Friday, April 9, 2010

Notes on China and Christianity

The state in which Christianity in China finds itself is not obvious for the casual observer. On face value worship is openly allowed (I have attended mixed Chinese-English services for example) and churches are evident everywhere. At the same time one hears of persecution, torture and even executions amongst Christians in China.

Christianity in China is a broad term including Catholics, Protestants and a handful of more Eastern Orthodox Christians. These denominations are controlled by government through several councils and associations. There are also independent house-churches independent from government. It is these house churches who are under pressure.

In a book openly available in Chinese bookshops “Christianity in China” and published by the China Intercontinental Press, author Luo Weihing describes the history of Christianity in China. According to this officially endorsed version, what started out as English missionary work early in the 19th century has grown to 3 million in 1979 and an estimated 16 million Christians in 2002. The composition of Christianity also changed from elderly, women, illiterates and the sick earlier to a larger ratio of middle-aged, youth and intellectuals in the 1990’s. What these numbers do not reveal is the amount of Christians in house churches; one source estimating this to be between 20 at 50 million people growing at 7% pa (see “Acquinted with Grief” by Alan Harvey).

In the transitions towards communist China, Luo describes how as a “foreign religion” Christianity posed many contradictions for Chinese people:

“ Enlightened by Premier Zhou, the Christian leaders realized that the difficulties Christianity faced were due to its notorious history being connected to Western colonialism”

That was 1950 and led to the emergence of the principles of self-rule, self-reliance and self-development in Chinese Christian churches. Around two-thirds of Christians at that time subscribed to this “independence under communist rule”. Patriotism, cutting of ties with Western churches and an anti-US campaign for example quickly became part of official Chinese Christianity. During the cultural revolution from 1966-1976 the Christian churches were closed and religious activities banned. The restoration of these arrangements started again in earnest in 1980.

The 200 000 or so Christians who did not subscribed to this independence under communist rule, formed the backbone of the house churches. The book “Acquinted with Grief” by Alan Harvey describes the role of Wang Mindao, also called the “Dean of the House Churches” and the founder of the Chinese Church in Christ. Wang was arrested and imprisoned for over twenty years up to his release in 1980. He argued that if Christians would go in a union with the state, ideological pressure would gut the church of its message and mission.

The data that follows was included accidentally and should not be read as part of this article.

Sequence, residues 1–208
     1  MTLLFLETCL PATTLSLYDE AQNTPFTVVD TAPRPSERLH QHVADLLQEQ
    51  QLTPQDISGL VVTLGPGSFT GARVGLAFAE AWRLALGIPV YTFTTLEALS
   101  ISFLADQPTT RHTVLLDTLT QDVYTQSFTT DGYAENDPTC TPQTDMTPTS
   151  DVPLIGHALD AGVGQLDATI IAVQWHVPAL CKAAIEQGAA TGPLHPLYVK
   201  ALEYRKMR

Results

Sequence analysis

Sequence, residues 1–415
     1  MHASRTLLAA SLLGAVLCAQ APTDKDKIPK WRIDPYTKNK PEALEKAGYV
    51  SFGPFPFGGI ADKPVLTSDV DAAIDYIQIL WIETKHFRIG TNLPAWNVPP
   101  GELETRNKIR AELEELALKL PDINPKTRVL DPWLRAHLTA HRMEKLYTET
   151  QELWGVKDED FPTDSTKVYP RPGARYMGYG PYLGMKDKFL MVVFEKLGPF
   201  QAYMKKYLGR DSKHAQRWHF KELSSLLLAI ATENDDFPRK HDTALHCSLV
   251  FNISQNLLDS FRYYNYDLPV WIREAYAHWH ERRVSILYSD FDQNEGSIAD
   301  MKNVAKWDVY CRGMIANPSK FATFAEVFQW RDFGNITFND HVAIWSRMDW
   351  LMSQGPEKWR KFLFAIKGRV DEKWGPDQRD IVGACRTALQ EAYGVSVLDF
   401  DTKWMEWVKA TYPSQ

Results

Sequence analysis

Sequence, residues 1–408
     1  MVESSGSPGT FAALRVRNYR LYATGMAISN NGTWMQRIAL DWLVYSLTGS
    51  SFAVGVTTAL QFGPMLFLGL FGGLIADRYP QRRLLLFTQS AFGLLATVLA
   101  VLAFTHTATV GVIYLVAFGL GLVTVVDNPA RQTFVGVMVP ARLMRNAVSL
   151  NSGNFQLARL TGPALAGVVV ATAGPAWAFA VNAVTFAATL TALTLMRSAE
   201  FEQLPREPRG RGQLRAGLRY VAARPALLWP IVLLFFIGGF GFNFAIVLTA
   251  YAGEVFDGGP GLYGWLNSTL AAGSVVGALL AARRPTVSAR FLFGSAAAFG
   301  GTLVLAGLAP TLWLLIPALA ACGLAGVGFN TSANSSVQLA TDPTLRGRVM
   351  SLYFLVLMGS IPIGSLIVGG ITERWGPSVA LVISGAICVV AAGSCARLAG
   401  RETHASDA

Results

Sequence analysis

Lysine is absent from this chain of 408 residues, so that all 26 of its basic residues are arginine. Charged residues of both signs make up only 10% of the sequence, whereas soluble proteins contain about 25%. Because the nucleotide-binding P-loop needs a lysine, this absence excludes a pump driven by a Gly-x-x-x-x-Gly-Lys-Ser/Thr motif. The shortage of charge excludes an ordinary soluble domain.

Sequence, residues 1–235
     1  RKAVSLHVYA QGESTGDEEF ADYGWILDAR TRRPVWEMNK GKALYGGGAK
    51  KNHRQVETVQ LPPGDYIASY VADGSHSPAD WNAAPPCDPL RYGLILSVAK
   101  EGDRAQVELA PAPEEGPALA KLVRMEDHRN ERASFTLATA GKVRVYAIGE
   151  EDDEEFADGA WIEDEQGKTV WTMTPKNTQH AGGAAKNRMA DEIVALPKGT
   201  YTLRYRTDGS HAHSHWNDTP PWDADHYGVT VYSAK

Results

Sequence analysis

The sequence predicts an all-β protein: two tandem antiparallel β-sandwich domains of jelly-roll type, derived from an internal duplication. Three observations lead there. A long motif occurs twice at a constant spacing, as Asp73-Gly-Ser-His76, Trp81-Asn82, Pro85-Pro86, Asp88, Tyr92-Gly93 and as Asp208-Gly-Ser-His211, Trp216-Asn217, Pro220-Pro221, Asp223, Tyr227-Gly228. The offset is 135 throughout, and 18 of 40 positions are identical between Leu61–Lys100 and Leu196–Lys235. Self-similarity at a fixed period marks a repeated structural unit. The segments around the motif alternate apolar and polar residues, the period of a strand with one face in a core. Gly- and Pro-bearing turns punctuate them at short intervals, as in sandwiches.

In the early 1980’s thousands of house church leaders were sent to labour camps. Up to 1989, two years before Wang’s death, pressure on the house churches has eased. In the build-up to the Tiananmen Square incident in 1989, the ruling Party’s influence eroded and Christian churches grew. Interpreted as a challenge to authority, house church leaders were once again under threat and house church leaders were send to labour camps (2001) or even executed (2006).

It appears as if the communist state wants to portray a sense of tolerance, but at times startle with their fierce crackdowns on those who are independently organised.This includes the house churches, but also other so-called ‘evit cults’ such as the Fulan Gong.

Understanding these contradictory signals from the Party would require a deep study on its roots. One explanation is that an off an atheistic and materialistic state irked by the superstition and anti-scientific behaviour of ‘evil cults’. At a deeper level I think it has all to do with an uncontrollable grass-roots influence on society which seems to challenge the authoritarian and nationalistic nature of the Party. China wants to be the best and biggest in the world, an urge born from sources such as the historical oppression of Chinese by foreigners, the failure of Mao’s 20th century communism and the human urge for absolute power. Earlier rebellions were at times associated with some form of Christianity as well.

In such a context it is not a big step to reason that Christianity, if not contained within and submerged to the purpose of the Chinese state, will be a potentially destructive social force that Party leaders will have to deal with. Given the nature of Chinese ambition, the history of rebellion, the eroding powers of the Party internally, the rise of Christianity and the rise of Chinese power internationally one can reasonably expect a continuous heavy hand on Christians who function independently from the state-controlled churches.

This is not the only way though. One can only hope that the churches will be allowed to show what it really means to be Christian in this world. If Christian house churches are allowed to practice their believes in the open, it will be for all to see that this is not a revolutionary challenge to the state. I agree with Thomas Harvey that the Party leadership need to think seriously about giving Christians freedom to really be self-organised, self-ruled and self-reliant. This will be a tell-tale investment in the harmonious society they so much want.

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